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The work of administering the Retention Price Scheme (RPS) is entrusted to Fertilizer Industry Co-ordination Committee (FICC) which works under the control of department of chemicals and fertilizers.

Growth of Fertilizer Industry
One of the most significant achievement of the post Independence period of our country has been the ability to achieve self-sufficiency in food grain production. This achievement is due to the rapid growth and improvement of Fertilizer industry. The Fertilizer industry is growing at the rate of 4% for the last 10 years and has been contributing a significant part of G.D.P. The growth and importance of Fertilizer industry in India can be divided in to three distinct phases, these are given below. 1. Pro Green Revolution Period: This period is described in 1952-1953 era where increased growth of food grains took place however this increased production in food grains took place due to increased irrigation methods. In this phase the land under agriculture was made more, during this period about 80% of the country's population was involved in Agriculture either directly or indirectly. During this period the fertilizer's which were manufactured were Super Phosphate & Ammonium Sulphate. Irrigation was thought to be heart of Agriculture. 2. Green Revolution Period: During this phase Government stated the programme aimed at making our country self sufficient in Food Products. This was the period between the years 1959-1960. This plan laid the emphasis on production of High Yielding Varieties. To make this plan a success there was a high need to make soil fertile by providing it with nutrients like Phosphorus, Nitrogen and Potassium. During this phase Fertilizer industry tried to play a vital role, became one of the most important, and inherits part of our economy. 3. The Post Green Revolution Period: The world's population along with Indian population has kept on growing at a alarming rate, the fertilizer companies all over India are trying to expand their scale of operations in order to increase the production rate. The demand for fertilizers per year is increasing. The current demand of fertilizers in India is 18 million tones.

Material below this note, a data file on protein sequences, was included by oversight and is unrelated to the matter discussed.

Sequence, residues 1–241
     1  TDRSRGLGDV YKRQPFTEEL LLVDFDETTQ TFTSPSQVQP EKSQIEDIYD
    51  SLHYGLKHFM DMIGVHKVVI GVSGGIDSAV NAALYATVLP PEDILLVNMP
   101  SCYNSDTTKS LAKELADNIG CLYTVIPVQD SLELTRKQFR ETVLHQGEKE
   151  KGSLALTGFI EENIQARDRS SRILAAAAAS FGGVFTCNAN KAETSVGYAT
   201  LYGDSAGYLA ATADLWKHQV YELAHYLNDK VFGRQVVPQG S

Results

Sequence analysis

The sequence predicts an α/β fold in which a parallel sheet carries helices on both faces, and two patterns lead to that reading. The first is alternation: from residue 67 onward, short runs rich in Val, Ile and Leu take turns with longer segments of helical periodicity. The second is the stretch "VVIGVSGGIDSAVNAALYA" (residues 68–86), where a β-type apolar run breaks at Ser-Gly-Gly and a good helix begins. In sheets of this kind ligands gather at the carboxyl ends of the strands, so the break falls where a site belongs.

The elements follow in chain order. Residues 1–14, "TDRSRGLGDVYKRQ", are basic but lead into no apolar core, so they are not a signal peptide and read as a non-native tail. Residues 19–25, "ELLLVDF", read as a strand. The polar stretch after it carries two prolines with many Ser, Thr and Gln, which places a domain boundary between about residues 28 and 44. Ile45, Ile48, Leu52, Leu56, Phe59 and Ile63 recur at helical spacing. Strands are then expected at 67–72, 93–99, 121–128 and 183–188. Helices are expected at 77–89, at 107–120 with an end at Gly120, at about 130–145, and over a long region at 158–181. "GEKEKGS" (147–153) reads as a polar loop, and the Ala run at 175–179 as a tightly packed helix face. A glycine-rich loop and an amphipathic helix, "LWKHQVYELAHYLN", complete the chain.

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Fertilizer Industry Scenario in India
In India, First of all in 1906, A Single Super Phosphate (SSP) manufacturing unit was set up at Ranipat near Chennai (Madras) with annual capacity of 6000 tones per annum. 1. Public Sector The Fertilizer And Chemicals Travancore Ltd. (FACT) Hindustan Fertilizer Corporation Ltd. (HFC) Madras Fertilizer Ltd. (MFL) Hindustan Copper Ltd. (HCL) Naively Lignite Corporation Ltd. (NLC) Pyrites, Phosphates And Chemicals Ltd. (PPCL) Pradeep Phosphates Ltd. (PPL) Rashtriya Chemicals And Fertilizers Ltd. (RCFL) National Fertilizer Ltd. (NFL) 2. Co-Operative Sector There are only two fertilizer manufacturing societies in Co-operative sector. Indian Farmers Fertilizers Co-Operative Ltd. (IFFCO) Krishak Bharati Co-Operative Ltd. (KRIBHCO) 3. Private Sector There are 17 companies in private sector, which are producing fertilizer. Gujarat Narmada Valley Fertilizer Co. Ltd. (GNFC) Hindustan Lever Ltd. (HLL) Hari Fertilizer ICI India Ltd. Indo Gulf Fertilizers & Chemicals Corporation Ltd. Mangalore Chemicals & Fertilizers Ltd. (MCFL) Southern Petro Chemicals Industries Corporations Ltd. Nagarjuna Fertilizer & Chemical Ltd. (NFCL)

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Shri Ram Fertilizer & Chemicals Ltd. Tuticorian Alkali Chemicals & Fertilizer Ltd. Zuari Agro Chemicals Ltd. Bindali Agro Chemicals Ltd. Chambal Fertilizer & Petrochemical Corporations Ltd. (DEPCL) E.D.I. PASSY (I) LTD. Gujarat State Fertilizer Company (GSFC)

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Krishak Bharti Co-operative Limited

“KRIBHCO” the world’s premier fertilizer producing co-operative has an outstanding track record to its credit in all spheres of its actives. Since 17th April 1980 as a rational level Co-operative society to manufacturing and distribute. Chemical fertilizer and allied farm imputes “KRIBHCO” imbibed the co-operative philosophy fulfilling its commitment to strengthening and promoting the cause of agriculture development and co-operative movements in the country. Krishak Bharti co-operative limited popularly known as “KRIBHCO” has been registered as national level co-operative society under the provision of the multi-state cooperative societies act, 1984. The”KRIBHCO” hazira unit is located around 15 kms, west of Surat and lies on the north of river Tapti. An all weather road from Surat to hazira connects the plant site with the city. The cannel belonging to irrigation department is running on the plant site and is feeding water from ukai. A railway feeder line apporx.. 55 kms. Long has connected the site with Bombay –Ahmedabad main line.